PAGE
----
Oh this project. I’ve had all the materials to create a “sunburst mirror” for over a year now, but I’ve never mustered up the energy/brain power/desire to actually roll up my sleeves and create. So, a box of stuff has been gathering dust in our workroom for months and months. Until last week! When I finally decided to spread out a drop cloth (I’m always spreading out drop cloths, it seems) and make this darn thing! I must admit, I had good reason to wait so long…the end result was good (thank goodness!), but holy moly, was this a brain melt!!! For me, at least.
If you decide to attempt this project–and I do recommend it because the outcome is good!–my advice to you is this: just go with it. If things aren’t lining up perfectly, just do your best and trust that if you like the overall “look” of your sunburst shape, it will translate well to the wall upon which it’s hung!
Ok, so. You’ve probably seen mirrors like these over the past year or so…meaning I’m over a year late on the trend! They are usually pretty expensive, but they are very cool (I think) and create a lot of impact hung on a wall.
I’ve read lots of how-to’s to make a DIY sunburst mirror (for around $20), and below are my adapted instructions.
What you’ll need:
Two wooden floral rings (mine were 18 and 12 inches), 2 packs of cedar shims (courtesy of your fave home improvement store), a mirror (mine was 10″ from Michaels), a hot glue gun, PLENTY of hot glue sticks, and some wood glue.
I began by laying out my shims. I decided to create four different “lengths” of shims by staggering them along the two rings. Seems simple enough, but brace yourself for the mind melt to occur in a few moments.
The first length “layer” of shims I lined up along the inner edge of the larger ring.
The second “layer” of shims I placed along the outer edge of the smaller ring.
Now here’s where it gets tricky. The third and fourth “layers” I tried to stagger along the smaller ring. Everything looked okay when I laid it out, but then I started to glue all the shims down (using my glue gun), and I just got so confused! I have no other explanation for it. I thought it would be more formulaic (rectangular shims laid out along circular rings), but things didn’t all line up, causing me to have to overlap, eyeball, move, eyeball, move some more, until finally I screamed “I’m going insane!” and just went with it. Maybe your eyes will not bug out like mine seemed to do. Oh well, it turned out okay in the end, as you will see.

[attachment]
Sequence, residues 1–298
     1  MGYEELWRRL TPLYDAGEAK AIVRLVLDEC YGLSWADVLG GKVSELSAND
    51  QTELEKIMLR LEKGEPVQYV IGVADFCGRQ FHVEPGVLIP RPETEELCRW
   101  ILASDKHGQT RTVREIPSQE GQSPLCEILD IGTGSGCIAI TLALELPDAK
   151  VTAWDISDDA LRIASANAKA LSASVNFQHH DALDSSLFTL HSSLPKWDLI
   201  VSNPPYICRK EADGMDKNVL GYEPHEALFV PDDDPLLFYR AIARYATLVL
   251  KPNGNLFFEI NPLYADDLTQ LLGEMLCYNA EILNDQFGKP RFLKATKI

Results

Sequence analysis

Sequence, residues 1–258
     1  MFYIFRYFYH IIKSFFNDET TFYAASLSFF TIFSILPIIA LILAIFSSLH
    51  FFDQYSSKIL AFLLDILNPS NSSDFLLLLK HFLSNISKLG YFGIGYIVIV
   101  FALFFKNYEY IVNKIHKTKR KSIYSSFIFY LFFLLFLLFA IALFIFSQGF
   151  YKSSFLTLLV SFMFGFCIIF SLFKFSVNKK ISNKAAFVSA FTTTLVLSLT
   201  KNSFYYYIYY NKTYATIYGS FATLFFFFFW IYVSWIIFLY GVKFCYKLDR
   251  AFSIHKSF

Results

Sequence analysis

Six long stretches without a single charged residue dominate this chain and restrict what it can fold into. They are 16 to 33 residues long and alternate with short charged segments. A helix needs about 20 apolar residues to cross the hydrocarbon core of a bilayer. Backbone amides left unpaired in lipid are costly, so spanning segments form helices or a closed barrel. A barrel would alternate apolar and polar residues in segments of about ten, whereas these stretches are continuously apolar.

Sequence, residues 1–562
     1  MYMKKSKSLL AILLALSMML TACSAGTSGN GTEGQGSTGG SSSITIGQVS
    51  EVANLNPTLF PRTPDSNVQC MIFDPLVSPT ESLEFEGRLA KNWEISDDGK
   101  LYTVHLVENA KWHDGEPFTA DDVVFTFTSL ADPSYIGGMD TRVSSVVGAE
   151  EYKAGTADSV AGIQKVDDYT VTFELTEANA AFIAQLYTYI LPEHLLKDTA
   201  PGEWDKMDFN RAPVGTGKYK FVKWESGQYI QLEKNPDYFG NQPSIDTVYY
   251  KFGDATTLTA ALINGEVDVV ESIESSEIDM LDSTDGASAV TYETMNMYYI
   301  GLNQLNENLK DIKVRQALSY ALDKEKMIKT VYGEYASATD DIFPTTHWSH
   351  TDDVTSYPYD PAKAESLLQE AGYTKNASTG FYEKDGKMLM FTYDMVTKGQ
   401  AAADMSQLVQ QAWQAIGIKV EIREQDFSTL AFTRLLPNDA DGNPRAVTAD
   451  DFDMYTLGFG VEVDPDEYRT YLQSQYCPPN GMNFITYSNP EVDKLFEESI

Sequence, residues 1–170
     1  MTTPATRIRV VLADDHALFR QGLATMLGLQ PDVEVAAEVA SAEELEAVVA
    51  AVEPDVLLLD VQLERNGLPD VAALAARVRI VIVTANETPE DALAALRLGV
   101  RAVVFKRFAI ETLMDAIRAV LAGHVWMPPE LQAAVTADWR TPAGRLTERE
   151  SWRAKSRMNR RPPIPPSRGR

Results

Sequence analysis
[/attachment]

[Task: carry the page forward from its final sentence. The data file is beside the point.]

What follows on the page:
When I used up almost every glue stick I had affixing the shims to the rings, I was ready to attach the mirror to the center. The hot glue gun worked well on the shims, I just ran into snags having to pull the shims off again and again, trying to re-align them to look right. See “eyes bugging out” as previously stated.
(Sorry for the blurry pic.) Remove plastic from the mirror (obvi), and glue down using wood glue–hot glue will dry too soon!
Allow ample time to dry (I used big books and free weights to weigh it down in place overnight). Then it’s ready to hang! You may decide to use a picture hanging kit, but Jason was able to hang it simply on a nail drilled into the wall.
We decided on a wall in our living room, that has been empty since taking plates down that had hung in our “old” living room.
Here it is!
I’ll admit, I did need reassurance from my husband and various friends I dragged in to show, but I am finally convinced that it doesn’t look totally wonky. I’m actually very happy with it. And hey, $20 for some wall art? Can’t beat that with a stick. Or shim.